It is not until the second phase of knowledge management system design, the dynamic classification phase, that you tap into individual expertise. This phase of development supports the real-time classification of information--from the users perspective--to providing tolls enabling the user to "slice and dice" data in the way that makes the most sense to them given their unique perspective and the problem they are trying to solve at the time. The success of an individual's ability to classify data in this way, however, depends upon the proper and successful completion of the taxonomy design and content indexing phase.

This article will focus on indexing and taxonomy design but will touch on the issues that companies face when they blur or reverse these two development phases, which happens surprisingly frequently.

Where to Begin

First, you will need to identify the paradigms of information your customers/employees are interested in accessing. From this you can construct an ontology--reflecting the unique way your corporation chooses to view these paradigms or groupings of data. Next, you should find and incorporate thesauri that best describe this ontology. The thesauri will provide a controlled, agreed upon vocabulary for that information, generally standard to an industry, including source terms, related terms and synonyms. For example, a pharmaceutical company may wish to use MeSH (Medical Subject Headings), while a defense company might want to use the DTIC (Defense Technical Information Center) thesaurus. These thesauri layered upon ontologies from the basis of your taxonomies. So what does it take to create a good taxonomy?

Tips for Good Taxonomy Design

Generally, it's better to develop multiple taxonomies each focused on a particular sphere of interest, versus creating a single, multi-purpose taxonomy. Good taxonomies will also contain certain characteristics described as follows.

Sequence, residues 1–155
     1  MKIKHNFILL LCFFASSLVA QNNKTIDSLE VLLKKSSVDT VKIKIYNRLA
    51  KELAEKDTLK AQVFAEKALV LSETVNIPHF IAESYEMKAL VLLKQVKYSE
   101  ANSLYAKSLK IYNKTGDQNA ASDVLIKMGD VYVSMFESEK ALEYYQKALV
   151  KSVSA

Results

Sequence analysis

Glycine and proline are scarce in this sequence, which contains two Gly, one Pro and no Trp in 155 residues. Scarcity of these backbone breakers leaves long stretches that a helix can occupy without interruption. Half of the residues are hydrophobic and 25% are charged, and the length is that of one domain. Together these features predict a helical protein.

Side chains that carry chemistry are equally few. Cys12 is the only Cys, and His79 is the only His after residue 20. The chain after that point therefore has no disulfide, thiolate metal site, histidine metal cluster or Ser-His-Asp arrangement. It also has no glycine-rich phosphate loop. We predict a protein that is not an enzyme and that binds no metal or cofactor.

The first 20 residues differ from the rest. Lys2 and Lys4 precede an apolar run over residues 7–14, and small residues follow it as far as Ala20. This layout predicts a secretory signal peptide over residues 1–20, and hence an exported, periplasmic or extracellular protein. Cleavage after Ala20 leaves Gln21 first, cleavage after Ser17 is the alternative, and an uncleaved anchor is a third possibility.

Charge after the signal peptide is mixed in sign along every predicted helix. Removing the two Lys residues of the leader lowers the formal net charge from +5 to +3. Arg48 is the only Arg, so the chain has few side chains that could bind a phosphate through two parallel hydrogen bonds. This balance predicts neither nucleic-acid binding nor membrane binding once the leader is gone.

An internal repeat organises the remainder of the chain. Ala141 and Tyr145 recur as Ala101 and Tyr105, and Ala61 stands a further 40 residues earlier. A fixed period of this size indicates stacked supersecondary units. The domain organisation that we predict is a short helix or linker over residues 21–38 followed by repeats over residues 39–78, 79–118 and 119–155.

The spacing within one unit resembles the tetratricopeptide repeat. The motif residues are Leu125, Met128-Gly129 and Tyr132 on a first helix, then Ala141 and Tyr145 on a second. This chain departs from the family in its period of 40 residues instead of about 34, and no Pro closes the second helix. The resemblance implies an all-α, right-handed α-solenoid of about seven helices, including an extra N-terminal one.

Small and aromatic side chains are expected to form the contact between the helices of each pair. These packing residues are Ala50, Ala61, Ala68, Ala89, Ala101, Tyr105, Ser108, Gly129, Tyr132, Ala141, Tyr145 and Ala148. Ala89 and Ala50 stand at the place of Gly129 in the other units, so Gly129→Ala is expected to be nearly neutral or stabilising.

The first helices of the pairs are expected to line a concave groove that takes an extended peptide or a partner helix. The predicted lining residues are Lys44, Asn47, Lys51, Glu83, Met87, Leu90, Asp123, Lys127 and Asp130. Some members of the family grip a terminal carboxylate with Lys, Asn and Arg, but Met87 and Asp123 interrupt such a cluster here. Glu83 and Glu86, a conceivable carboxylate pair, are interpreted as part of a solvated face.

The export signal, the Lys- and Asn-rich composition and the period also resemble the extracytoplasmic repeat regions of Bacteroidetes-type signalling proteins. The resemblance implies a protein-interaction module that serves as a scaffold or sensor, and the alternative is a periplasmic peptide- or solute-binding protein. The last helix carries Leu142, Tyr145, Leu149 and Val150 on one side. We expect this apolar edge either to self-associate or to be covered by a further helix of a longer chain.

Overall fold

Depth: Taxonomies should include no more than seven descending levels. Five levels is a more optimum number. Figure 1 shows a taxonomy design canon including the characteristics of each level.


The dotted line is where the "ontology" created by the company meets reality. Generic categories and terms found above the middle of the schema represent the level at which we start to describe the real world with our mental and linguistic tools; meaning we can touch a gun or a sign, whereas it would be hard to touch an ordnance. There are typically two ontological levels above the dotted lines. These are group nouns, collective terms used to "glue" the descending concepts together. The items at and below the dotted lines become increasingly specific, as does our ability to describe the world at a more granular and specific level. This way of deriving and compounding words to extend our grasp of the world is consistent in any language.

Width: Some taxonomies are up-heavy including too many higher levels or levels of equal definition. Synonyms start appearing as levels, creating ambiguities in logic and therefore instability as shown in Figure 2.


The problem with the levels in this taxonomy should be apparent. What's the universally understood difference between unwelcome and unpleasant? Why should one term be on top of the other? Wouldn't the logic work perfectly well in reverse? This "taxonomy" is really a classification-meaning it probably reflects the view of an individual, but does not indicate a genus to species sequence of relationships. In a taxonomy, this collection of synonyms should be collapsed into a single level.